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New Yorkers Seek Religious Roots in Ethiopia

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Ethiopian priests welcome the New York delegation in Addis Ababa.FNC

It took a 7,000 mile journey for the congregation of New York City's Abyssinian Baptist Church to find themselves.

One-hundred-and-sixty members of this historic Harlem house of worship traveled in September to Ethiopia on modern-day pilgrimage to birthplace of the church's founders.

Click here to read Lauren Green's reflections on her trip to Ethiopia

"We believe that that's the real center of the redemption of Africa, the real heart of Africa," said the Rev. Calvin Butts III. "Because it's peaceful, it's never been colonized and its people are fiercely independent and self reliant, and that's how we see ourselves."

Ethiopian merchants cofounded the Abyssinian Baptist Church in 1808 along with African-Americans who deserted the First Baptist Church of New York City when it decided to racially segregate seating.

Click here to view photos from the trip.

The Abyssinian Baptist Church's 200-year history has been storied with leaders that have included U.S. Rep. Adam Clayton Powell Jr.

Doctors, lawyers, bankers, teachers and FOX News' Lauren Green were among those who made the journey to Addis Ababa, where the American delegation met with government officials and toured this nation which boasts one of the world's richest religious histories amid a backdrop of extreme poverty.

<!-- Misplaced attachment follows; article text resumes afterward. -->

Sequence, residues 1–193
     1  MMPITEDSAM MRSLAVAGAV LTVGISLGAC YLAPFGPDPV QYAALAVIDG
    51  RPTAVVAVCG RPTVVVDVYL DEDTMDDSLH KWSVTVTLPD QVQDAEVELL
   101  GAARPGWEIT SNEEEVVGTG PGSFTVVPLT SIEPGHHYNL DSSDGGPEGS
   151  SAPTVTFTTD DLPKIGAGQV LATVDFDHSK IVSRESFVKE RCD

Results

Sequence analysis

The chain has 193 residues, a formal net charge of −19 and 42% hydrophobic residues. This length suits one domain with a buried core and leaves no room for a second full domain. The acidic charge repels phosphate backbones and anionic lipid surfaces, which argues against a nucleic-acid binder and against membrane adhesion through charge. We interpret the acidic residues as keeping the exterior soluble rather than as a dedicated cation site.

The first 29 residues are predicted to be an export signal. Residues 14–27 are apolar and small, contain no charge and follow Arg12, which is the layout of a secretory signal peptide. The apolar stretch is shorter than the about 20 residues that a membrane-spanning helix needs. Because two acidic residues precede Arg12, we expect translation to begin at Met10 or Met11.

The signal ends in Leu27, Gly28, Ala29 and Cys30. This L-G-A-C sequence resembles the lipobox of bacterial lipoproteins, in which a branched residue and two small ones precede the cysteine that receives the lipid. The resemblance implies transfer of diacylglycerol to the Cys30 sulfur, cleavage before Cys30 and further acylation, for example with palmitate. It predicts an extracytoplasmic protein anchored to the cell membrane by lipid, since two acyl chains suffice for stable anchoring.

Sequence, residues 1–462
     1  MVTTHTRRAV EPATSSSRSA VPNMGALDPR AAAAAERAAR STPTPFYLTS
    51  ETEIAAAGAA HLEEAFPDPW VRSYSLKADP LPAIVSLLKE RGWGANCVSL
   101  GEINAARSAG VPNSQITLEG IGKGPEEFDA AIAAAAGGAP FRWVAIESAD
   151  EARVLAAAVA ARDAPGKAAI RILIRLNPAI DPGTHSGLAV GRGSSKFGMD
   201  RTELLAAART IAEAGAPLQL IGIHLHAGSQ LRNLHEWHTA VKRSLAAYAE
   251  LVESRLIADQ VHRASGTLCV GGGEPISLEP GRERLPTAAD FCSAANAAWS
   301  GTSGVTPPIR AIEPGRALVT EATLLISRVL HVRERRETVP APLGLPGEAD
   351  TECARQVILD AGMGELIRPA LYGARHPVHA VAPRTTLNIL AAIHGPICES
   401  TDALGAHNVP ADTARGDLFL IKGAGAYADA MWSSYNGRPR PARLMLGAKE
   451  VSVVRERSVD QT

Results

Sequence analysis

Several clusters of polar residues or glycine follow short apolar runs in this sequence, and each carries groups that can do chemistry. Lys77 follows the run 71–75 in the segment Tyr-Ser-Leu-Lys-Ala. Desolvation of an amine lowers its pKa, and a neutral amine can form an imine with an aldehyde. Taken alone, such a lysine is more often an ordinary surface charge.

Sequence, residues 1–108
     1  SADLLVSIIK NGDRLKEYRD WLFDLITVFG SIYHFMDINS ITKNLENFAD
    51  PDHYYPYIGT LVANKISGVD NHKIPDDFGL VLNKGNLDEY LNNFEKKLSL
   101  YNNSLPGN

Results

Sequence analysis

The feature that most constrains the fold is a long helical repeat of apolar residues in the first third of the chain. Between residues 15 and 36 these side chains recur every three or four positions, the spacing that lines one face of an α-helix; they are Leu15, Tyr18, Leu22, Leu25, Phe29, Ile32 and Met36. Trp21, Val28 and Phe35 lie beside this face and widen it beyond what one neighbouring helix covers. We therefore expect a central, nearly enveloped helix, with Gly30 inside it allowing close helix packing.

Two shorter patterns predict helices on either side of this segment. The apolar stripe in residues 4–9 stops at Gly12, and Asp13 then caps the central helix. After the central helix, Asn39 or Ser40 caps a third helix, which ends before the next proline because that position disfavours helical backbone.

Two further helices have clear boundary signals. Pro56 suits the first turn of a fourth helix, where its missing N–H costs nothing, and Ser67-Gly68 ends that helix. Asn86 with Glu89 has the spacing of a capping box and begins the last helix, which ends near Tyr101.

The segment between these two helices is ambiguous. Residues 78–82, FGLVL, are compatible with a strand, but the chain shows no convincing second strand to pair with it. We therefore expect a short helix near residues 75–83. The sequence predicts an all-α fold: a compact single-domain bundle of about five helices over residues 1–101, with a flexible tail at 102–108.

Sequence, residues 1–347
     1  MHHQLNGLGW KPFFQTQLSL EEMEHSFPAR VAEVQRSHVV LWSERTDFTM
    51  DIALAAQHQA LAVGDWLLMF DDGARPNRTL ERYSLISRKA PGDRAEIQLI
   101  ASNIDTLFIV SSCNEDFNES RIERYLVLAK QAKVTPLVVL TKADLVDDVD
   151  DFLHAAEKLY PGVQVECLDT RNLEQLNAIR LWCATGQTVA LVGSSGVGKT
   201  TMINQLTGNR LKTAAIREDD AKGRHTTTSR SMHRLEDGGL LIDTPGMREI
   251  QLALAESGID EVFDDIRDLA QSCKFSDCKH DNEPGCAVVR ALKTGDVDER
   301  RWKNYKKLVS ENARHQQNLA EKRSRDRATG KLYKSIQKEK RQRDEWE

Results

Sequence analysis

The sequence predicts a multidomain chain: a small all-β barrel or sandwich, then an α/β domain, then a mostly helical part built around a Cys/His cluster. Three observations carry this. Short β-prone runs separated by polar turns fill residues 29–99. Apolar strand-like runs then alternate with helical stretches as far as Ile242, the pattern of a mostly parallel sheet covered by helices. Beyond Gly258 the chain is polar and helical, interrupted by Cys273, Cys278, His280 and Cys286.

"It's poverty from our perspective, but not poor in spirit," said Lamonda Williams, one of the church members who traveled to Africa. "They still treasure family; they work communally to plow the land, to mile the land, to provide everything they need."

Though they took in wonders such as the 12 rock-hewn churches in Lalibela, they also absorbed the stark realities of daily life in the Horn of Africa. They saw young children who herded goats and cows and learned that an ambulance ride in the rural countryside is a horse-drawn cart, if even that.

They voiced their concerns to the heads of government, including Prime Minister Meles Zenawi.

"Without saying a word I think we understood No. 1 that we are brothers; No. 2, that we have the mutual concern with the people; No. 3, that we did not come to try to dictate to him what to do, but establish a conversation about the future of Ethiopia and what we might contribute," Butts said.

Teacher Doris Brunson probed the ministry of education on what it was doing to improve schooling in Ethiopia.

"We wanted to know why more children were not in school," Brunson said. "We more or less knew the answer to that but we wanted to find out how the government was approaching this. And we were heartened to know they are thinking of ways to get more and more children into school. But it's very difficult."

And they left carrying more than just souvenirs.

"The Ethiopian immediately embraces that, true to your native land: You've come home brother, you've come home sister," Butts said. "And it means so much to them, but you can't imagine what it means to us."

"Going Home: A Pilgrimage," a three-part report by FOX News religion correspondent Lauren Green, begins on Nov. 22 on the FOX News Channel.